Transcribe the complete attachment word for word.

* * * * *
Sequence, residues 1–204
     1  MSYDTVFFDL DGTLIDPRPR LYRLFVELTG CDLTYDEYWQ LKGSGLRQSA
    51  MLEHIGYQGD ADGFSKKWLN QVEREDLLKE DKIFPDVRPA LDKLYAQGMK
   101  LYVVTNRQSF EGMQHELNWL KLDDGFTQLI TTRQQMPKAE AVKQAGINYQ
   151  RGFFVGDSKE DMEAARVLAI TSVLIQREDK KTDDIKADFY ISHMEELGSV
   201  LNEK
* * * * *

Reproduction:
Sequence, residues 1–204
     1  MSYDTVFFDL DGTLIDPRPR LYRLFVELTG CDLTYDEYWQ LKGSGLRQSA
    51  MLEHIGYQGD ADGFSKKWLN QVEREDLLKE DKIFPDVRPA LDKLYAQGMK
   101  LYVVTNRQSF EGMQHELNWL KLDDGFTQLI TTRQQMPKAE AVKQAGINYQ
   151  RGFFVGDSKE DMEAARVLAI TSVLIQREDK KTDDIKADFY ISHMEELGSV
   201  LNEK